Wireless LAN specialist Orinoco has launched a management product at Microsoft Tech Ed in Barcelona. It's the first software-only product from the company, whose sale to rival Proxim has been agreed by current owner Agere, and illustrates a need for multi-vendor WLAN management efforts from groups such as IEEE and WECA.
The product, which will be available this summer, will plug into NT or HP OpenView, and will cost $999 for up to 50 base stations, and $1,995 for more than 50. It discovers the wired part of the WLAN, and maps any changes, monitors connections on each node, and gives alerts for overloads and malfunctions. It also distributes updates of software across the network, "which is very good if you have hundreds of nodes," said Mario Maas, senior business manager at Orinoco.
Wireless LANs so far do not have multi-vendor management and, although this product can manage Orinoco kit with other badges on, such as Compaq or ELSA, it cannot manage Cisco, Intel or 3Com access points. Maas did not expect a multi-vendor version any time soon, but said he hoped that the IEEE would begin work on a multi-vendor WLAN management interface, possibly with input from the Wireless Ethernet Compatibility Alliance.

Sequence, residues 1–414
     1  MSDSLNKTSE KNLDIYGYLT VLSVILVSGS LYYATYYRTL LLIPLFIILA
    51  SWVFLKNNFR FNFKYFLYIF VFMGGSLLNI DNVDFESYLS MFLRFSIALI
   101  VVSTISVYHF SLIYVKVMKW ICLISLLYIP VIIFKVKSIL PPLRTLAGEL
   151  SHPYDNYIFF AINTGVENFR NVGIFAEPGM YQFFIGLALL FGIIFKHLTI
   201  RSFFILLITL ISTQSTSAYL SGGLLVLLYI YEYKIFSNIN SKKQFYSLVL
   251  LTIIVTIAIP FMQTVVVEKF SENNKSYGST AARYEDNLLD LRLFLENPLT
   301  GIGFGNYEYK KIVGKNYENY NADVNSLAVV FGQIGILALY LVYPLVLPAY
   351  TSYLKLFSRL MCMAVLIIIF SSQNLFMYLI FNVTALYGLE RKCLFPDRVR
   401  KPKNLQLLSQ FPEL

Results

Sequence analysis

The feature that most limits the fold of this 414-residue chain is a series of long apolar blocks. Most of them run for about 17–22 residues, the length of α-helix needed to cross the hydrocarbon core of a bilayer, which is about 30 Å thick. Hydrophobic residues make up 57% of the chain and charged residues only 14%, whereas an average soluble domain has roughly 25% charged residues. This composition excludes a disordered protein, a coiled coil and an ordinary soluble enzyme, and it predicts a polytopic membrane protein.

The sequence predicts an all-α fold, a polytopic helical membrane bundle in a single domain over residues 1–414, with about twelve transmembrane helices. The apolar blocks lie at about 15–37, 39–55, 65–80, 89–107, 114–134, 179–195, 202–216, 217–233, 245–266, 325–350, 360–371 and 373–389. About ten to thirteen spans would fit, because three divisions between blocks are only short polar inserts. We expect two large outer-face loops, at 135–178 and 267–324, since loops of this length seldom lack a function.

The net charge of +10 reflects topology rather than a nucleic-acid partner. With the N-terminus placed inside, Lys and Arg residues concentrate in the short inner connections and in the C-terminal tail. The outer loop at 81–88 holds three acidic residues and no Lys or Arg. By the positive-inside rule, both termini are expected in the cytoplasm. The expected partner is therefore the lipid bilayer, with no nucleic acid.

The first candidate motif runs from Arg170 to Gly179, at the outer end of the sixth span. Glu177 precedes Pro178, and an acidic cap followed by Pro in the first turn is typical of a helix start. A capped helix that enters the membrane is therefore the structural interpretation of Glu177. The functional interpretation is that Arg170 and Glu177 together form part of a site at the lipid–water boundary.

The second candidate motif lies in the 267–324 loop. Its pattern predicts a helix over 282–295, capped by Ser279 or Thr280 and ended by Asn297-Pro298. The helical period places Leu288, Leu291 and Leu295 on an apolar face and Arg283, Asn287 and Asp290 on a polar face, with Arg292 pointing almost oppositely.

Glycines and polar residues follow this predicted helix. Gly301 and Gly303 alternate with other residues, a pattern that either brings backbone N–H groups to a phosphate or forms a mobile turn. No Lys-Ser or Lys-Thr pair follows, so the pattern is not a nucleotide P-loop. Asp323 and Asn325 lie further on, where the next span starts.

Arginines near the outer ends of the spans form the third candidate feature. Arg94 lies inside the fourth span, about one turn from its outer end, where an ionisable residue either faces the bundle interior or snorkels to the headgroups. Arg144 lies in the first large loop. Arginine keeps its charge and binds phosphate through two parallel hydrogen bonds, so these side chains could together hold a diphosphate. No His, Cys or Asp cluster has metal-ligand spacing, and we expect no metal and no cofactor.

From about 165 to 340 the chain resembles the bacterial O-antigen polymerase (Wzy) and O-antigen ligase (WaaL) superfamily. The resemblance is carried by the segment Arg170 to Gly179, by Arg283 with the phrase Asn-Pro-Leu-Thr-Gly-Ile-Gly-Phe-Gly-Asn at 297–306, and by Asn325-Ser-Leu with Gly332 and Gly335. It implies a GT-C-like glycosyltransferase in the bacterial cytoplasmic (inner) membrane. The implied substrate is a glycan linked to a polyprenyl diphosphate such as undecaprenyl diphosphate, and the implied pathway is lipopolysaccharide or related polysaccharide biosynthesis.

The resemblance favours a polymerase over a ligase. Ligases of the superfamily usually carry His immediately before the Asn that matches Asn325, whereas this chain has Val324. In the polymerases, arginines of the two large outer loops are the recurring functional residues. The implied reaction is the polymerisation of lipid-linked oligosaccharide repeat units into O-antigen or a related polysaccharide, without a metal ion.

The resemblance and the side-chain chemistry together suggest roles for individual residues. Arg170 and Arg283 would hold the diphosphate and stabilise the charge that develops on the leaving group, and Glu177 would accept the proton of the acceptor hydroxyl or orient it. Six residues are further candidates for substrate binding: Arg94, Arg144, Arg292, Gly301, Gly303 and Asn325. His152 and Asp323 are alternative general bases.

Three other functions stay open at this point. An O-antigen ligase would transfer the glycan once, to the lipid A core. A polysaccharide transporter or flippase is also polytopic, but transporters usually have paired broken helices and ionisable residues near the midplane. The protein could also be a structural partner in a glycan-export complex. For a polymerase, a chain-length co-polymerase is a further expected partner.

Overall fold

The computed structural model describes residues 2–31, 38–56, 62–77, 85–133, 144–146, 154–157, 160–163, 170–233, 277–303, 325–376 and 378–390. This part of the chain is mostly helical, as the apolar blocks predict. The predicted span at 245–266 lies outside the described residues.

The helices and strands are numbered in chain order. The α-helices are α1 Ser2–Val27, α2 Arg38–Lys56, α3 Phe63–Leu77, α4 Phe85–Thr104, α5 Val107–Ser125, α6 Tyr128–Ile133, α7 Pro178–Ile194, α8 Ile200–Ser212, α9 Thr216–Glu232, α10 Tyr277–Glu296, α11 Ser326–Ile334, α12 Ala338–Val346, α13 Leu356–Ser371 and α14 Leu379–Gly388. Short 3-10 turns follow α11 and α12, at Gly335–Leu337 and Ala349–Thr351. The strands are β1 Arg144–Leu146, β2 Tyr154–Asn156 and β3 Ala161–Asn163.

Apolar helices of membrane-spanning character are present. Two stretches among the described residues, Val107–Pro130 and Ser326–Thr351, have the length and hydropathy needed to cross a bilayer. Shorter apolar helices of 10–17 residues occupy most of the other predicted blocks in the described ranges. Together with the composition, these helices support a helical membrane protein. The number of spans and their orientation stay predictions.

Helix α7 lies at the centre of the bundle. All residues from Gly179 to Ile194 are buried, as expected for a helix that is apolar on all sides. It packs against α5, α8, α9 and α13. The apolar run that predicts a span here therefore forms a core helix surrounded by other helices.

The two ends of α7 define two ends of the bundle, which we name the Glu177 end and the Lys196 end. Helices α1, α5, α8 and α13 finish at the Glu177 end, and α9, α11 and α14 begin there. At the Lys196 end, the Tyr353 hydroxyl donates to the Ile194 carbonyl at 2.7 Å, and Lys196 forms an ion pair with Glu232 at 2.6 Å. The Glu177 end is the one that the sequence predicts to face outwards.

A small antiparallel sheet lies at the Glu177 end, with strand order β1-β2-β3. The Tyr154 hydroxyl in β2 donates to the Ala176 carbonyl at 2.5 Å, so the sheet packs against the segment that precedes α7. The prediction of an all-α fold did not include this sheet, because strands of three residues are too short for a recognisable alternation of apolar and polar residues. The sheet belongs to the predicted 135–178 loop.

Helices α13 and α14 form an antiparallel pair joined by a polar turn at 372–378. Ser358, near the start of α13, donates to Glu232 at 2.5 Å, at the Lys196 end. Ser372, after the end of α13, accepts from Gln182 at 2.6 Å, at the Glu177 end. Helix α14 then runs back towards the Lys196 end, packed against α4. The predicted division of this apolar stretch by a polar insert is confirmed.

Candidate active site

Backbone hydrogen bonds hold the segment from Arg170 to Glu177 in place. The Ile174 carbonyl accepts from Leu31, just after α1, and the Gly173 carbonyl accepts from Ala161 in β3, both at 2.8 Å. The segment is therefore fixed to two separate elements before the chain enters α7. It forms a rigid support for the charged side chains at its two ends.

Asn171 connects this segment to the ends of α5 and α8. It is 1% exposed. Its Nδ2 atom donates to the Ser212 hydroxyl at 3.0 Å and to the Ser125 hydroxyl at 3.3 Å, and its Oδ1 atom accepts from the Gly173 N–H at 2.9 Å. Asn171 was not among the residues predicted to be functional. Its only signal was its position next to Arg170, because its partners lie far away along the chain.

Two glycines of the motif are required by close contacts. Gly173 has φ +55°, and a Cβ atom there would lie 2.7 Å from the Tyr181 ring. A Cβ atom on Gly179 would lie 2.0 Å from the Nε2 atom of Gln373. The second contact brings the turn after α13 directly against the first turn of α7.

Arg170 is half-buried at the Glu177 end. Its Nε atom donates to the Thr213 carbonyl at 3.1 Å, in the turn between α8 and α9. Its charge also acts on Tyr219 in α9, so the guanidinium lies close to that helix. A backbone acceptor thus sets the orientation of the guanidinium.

The merger with Proxim is intended to solve channel conflict; Agere is the maker of one of the open-market 802.11b chipsets, as well as owning Orinoco, which sells to end users in competition with its other customers. "This is a good fit," said Maas. Proxim has not done well with 802.11b networks while Orinoco is the market leader. Orinoco sells to business, while Proxim has done better with home WLANs. And while Orinoco is strong in Europe and Asia, Proxim has been weak outside the US.
Other products coming from Orinoco include one that Maas actually advises European users not to buy. This is an upgrade kit for users who want 802.11a, the high capacity version which operates at 5GHz. Confusion over licensing for 802.11a is likely to continue at least till next year, he said. The product is there to keep up with competitors such as Intel, and make sure that Orinoco is not excluded from any contracts with corporations who want to move to 802.11a in future. As the product is already sold in the US, it has not cost anything to launch in Europe.
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